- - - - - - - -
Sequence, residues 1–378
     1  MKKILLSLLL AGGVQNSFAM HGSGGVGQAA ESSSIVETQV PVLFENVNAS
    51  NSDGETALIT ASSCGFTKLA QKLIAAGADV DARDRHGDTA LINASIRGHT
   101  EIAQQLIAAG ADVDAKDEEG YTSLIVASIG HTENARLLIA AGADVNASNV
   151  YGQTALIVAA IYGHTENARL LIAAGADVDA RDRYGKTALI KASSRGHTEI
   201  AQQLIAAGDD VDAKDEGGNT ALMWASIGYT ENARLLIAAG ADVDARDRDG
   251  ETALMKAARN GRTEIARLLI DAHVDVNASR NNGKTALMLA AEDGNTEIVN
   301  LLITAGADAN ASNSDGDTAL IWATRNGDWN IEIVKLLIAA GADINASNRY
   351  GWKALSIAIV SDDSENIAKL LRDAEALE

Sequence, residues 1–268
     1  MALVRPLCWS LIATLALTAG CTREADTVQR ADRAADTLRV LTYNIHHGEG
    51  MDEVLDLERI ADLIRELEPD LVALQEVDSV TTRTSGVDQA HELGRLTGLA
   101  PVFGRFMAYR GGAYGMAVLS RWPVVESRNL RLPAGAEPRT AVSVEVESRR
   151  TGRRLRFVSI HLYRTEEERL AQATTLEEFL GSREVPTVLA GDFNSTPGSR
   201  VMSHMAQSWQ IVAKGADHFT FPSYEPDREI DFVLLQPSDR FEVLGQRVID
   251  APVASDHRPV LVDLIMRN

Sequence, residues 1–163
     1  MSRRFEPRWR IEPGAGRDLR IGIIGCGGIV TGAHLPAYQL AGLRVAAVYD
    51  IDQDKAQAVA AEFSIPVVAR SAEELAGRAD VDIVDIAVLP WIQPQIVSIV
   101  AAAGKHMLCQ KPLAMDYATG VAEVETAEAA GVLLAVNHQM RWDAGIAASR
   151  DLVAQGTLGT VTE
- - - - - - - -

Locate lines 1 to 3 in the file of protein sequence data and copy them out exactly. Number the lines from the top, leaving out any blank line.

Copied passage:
Sequence, residues 1–378
     1  MKKILLSLLL AGGVQNSFAM HGSGGVGQAA ESSSIVETQV PVLFENVNAS
    51  NSDGETALIT ASSCGFTKLA QKLIAAGADV DARDRHGDTA LINASIRGHT